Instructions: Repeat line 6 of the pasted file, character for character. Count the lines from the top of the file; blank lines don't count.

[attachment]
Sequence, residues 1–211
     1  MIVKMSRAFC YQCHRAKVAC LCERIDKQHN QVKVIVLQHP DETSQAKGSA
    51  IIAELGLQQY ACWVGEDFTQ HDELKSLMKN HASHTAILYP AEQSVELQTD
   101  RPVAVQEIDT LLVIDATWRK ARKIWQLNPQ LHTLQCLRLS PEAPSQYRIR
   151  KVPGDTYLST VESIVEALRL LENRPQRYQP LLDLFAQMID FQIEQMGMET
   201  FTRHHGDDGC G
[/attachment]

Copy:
   201  FTRHHGDDGC G